After a four-year-long study on the ‘Swarm Mission’ by the European Space Agency (ESA), a second magnetic field has reportedly been discovered. ESA found this with the help of a trio of satellites, which have been studying Earth’s magnetic field. These satellites show details of the steady swell of a magnetic field produced by the ocean’s tides. This discovery is believed to be a big help in building better models around global warming.
“It’s a really tiny magnetic field,” Physicist Nils Olsen from the Technical University of Denmark told BBC. “It’s about 2 – 2.5 nanotesla at satellite altitude, which is about 20,000 times weaker than Earth’s global magnetic field.” Fundamentally, both fields are the result of a dynamo effect produced by charged particles being sloshed around in a fluid. The stronger magnetic field, which tugs on our compass needle, forms from the steady movement of molten rock deep under our feet.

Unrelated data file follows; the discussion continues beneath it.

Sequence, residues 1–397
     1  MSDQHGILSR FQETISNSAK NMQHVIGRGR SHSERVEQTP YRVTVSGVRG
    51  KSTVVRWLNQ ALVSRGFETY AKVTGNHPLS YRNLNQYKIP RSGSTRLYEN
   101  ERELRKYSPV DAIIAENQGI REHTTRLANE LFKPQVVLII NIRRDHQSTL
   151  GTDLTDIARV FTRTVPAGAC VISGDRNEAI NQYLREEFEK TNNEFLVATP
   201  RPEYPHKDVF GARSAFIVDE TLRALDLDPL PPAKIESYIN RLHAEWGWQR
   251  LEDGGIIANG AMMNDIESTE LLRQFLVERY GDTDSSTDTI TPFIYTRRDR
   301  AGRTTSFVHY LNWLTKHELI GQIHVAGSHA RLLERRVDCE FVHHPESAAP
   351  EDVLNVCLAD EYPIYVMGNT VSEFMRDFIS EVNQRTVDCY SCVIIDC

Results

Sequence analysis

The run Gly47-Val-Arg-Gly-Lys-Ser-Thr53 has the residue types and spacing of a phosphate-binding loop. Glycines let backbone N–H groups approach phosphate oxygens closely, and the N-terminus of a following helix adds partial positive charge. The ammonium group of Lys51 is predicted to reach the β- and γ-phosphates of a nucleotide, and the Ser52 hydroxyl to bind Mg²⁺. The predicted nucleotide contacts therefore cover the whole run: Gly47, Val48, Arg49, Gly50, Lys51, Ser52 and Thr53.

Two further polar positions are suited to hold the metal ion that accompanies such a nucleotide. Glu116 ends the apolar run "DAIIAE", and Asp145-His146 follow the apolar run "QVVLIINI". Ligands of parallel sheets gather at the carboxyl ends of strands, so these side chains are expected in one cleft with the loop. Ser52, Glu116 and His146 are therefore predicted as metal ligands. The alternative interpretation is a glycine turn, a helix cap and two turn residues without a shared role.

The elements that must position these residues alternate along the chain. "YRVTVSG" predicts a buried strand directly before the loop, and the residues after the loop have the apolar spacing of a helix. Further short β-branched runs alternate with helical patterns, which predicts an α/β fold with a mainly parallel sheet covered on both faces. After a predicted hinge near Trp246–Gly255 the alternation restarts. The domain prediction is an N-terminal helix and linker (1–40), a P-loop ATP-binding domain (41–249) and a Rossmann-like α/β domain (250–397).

“We have used Swarm to measure the magnetic signals of tides from the ocean surface to the seabed, which gives us a truly global picture of how the ocean flows at all depths – and this is new,” says Olsen.
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As water is capable of holding onto significant amounts of heat, predicting Earth’s ability to soak up excess warmth trapped by rising amounts of greenhouse gases relies on knowing precisely how tides and currents move in three dimensions. “In addition, because this tidal magnetic signal also induces a weak magnetic response deep under the seabed, these results will be used to learn more about the electrical properties of Earth’s lithosphere and upper mantle,” Olsen said.